Using Sony Ericsson’s LiveView with Cyanogen Mod

Once you updated your Xperia X10 Mini Pro to Android Gingerbread, you will soon find out that the underlying Cyanogen Mod 7 is not able to pair automatically with this device. Every time the LiveView is disconnected you will have to turn on your mobile phone and press ok to confirm a re-pairing request. This defeats the purpose of the LiveView completely since you will have to pull out your device multiple times a day – just to give a stupid confirmation. Yet, there is a simple workaround that will fix this nerve-wrecking bug.

Sony Ericsson's Liveview

Sony Ericsson’s Liveview

The fix for the pairing problem is hinted in this post on XDA developer which points out that changing the values contained in the file that holds the Bluetooth link keys (i.e. /data/misc/bluetoothd/<local adapter address>/linkkeys) is working as expected. To really understand what was going on, I began to dig a little bit deeper. Since Android is using Bluez as its Bluetooth stack, I started browsing through their website to get some hints on the format of the link key storage file. Unfortunately, this seemed to be a dead end, so I went to their git repository and had a look at the source code.

After some code browsing, I finally ended up at storage.c which is responsible for reading and writing the link keys to the storage file. By looking at the write_link_key function, it became apparent that the lines in the link key file exhibit the following structure <remote peer address> <link key> <link key type> <pin length> where remote peer address is defining the 6 byte address of the remote Bluetooth adapter and link key is defining the key as a 16 byte number in hexadecimal format and both, link key type and pin length, are specified as integers.

After pairing the LiveView with the mobile phone, this file contains an entry that looks somewhat like this 01:23:45:67:89:AB 0123456789ABCDEF0123456789ABCDEF 4 –1. Apparently, this means that the device with the address 01:23:45:67:89:AB is using the link key 0123456789ABCDEF0123456789ABCDEF. Furthermore, it also means that the link key has not been generated using a pin (i.e. the length of the pin is –1) – which is correct since LiveView pairing does not require the manual specification of a pin. Instead, both devices will automatically agree on a random encryption key and, to prevent man-in-the-middle attacks, they will ask the user to confirm that both devices are showing the same 6-digit decimal number.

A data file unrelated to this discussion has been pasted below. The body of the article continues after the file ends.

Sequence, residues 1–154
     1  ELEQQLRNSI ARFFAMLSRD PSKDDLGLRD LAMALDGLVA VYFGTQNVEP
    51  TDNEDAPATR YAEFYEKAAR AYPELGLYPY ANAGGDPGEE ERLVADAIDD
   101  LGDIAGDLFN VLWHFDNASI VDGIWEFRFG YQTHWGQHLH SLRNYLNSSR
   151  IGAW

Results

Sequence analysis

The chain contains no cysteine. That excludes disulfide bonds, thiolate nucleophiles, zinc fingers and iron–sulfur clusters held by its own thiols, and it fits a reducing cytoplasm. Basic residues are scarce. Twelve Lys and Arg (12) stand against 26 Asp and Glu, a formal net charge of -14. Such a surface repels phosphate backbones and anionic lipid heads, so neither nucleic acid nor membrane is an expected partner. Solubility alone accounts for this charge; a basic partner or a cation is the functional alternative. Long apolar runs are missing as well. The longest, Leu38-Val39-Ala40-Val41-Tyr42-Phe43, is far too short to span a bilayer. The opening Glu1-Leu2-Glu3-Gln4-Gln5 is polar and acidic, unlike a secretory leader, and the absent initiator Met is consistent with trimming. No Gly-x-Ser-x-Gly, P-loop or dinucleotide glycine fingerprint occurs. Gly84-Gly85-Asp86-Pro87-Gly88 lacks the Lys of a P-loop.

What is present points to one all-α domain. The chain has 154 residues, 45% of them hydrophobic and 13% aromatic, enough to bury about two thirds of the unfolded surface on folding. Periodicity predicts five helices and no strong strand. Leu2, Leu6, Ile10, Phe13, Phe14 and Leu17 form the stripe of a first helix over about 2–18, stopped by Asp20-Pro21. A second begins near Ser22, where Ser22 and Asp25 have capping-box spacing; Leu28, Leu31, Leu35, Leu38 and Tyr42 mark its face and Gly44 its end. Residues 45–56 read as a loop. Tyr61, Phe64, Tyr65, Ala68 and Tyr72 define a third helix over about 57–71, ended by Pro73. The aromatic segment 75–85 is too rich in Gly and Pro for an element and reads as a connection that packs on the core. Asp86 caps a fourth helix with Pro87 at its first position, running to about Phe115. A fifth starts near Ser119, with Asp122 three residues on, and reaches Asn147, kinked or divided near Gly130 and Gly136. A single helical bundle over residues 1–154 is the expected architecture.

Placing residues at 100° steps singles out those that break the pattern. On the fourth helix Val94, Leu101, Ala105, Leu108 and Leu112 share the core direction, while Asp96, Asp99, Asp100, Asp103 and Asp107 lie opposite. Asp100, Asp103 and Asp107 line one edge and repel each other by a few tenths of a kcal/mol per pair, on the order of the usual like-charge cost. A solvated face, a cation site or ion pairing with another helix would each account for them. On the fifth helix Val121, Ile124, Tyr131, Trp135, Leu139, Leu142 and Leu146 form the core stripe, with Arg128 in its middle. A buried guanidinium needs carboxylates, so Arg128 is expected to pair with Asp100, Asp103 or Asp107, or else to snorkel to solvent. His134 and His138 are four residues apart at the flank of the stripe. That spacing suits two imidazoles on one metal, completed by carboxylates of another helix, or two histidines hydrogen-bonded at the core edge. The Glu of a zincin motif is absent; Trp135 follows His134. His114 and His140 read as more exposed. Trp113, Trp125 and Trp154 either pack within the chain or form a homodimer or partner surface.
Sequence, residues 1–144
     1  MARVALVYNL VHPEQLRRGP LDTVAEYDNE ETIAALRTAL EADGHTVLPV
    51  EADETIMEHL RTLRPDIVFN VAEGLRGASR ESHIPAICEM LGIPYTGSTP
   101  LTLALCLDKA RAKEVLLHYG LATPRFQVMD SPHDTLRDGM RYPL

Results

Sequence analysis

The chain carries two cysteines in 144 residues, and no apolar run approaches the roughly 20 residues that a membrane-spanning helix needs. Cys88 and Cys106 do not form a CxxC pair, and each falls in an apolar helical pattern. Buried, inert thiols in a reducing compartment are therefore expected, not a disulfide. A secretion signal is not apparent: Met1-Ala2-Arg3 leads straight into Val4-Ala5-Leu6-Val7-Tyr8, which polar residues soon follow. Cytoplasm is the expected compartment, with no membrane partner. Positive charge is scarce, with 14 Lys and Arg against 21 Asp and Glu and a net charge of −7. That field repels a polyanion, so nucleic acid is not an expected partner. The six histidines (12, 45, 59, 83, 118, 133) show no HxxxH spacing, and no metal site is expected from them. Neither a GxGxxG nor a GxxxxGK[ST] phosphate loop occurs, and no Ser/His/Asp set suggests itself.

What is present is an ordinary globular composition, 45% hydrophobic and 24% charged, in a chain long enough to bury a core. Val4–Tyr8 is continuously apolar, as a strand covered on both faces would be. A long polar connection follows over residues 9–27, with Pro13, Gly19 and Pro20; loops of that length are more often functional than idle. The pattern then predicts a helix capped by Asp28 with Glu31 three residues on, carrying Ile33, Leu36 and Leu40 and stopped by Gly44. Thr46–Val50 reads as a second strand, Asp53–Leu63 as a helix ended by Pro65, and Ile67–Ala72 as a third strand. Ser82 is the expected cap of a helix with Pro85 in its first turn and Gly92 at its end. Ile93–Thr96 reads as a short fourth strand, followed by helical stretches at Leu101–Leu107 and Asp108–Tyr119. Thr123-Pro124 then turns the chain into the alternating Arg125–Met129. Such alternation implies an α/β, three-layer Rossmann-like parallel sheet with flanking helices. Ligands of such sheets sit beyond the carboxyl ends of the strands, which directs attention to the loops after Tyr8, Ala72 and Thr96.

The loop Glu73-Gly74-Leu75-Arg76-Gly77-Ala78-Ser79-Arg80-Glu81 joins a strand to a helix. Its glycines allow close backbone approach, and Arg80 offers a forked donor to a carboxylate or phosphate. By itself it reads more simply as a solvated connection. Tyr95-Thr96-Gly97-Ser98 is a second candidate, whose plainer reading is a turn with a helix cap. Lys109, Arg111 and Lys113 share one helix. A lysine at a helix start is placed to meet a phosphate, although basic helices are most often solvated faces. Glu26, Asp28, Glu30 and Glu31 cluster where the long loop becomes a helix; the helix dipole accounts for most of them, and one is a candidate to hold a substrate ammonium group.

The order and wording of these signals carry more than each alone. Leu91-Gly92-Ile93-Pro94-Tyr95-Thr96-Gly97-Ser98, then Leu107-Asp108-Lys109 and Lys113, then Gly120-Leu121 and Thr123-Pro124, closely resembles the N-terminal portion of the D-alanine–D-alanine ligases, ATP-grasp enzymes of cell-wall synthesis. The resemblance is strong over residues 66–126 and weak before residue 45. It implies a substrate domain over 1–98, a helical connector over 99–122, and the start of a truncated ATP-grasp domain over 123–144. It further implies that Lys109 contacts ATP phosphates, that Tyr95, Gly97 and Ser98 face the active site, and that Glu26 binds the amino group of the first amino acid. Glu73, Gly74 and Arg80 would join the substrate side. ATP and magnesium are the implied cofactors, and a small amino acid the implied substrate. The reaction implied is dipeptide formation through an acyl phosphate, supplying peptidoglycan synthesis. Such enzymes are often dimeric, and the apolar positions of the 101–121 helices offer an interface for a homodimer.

Due to this process, it is up to the user to confirm the authenticity of both communication end points – which he or she eventually accepts or declines (by pressing ok or cancel in the pairing dialog). However, it seems as if this authentication process is not reflected accurately but it is lost somewhere in the software stack – i.e. I guess that the key change from unauthenticated to authenticated is not propagated properly and only stored in memory. This is indicated by the fact that the link key file contains the value 4 as the link key type. Based on the definitions given in this patch, 4 represents an unauthenticated link key. Consequently, when the connection is lost and reestablished again, Bluez issues an authentication request to the user which results in the annoying but technically correct re-pairing dialog.

So in order to prevent the dialog from appearing, it is sufficient to signal the Bluez stack that the authenticity of the devices has been validated by turning the 4 into a 0. To do this, pair the LiveView device with the mobile phone. Copy the link key file on the phone (i.e. /data/misc/bluetoothd/<local adapter address>/linkkeys) to the SD card and find the line that starts with the LiveView Bluetooth address. Then change the 4 in the same row to a 0 and copy the file back to its original location. Thereby, make sure that you do not change the owner as well as the file permissions and correct them with chmod, chgrp or chown – if necessary.

To validate that your problem is fixed, simply power down the LiveView, turn it back on and see whether it is able to automatically get the date and time from the phone. If that is the case, you are done. If you see the re-pairing dialog, something went wrong and you need to repeat the whole procedure. Note that it is not sufficient to just copy the file from SD card back to the phone’s memory since the link key will have changed already – once you see the repairing dialog. Also note that at no point you have to turn off your phone, since Bluez reads the link key file every time a new connection is established.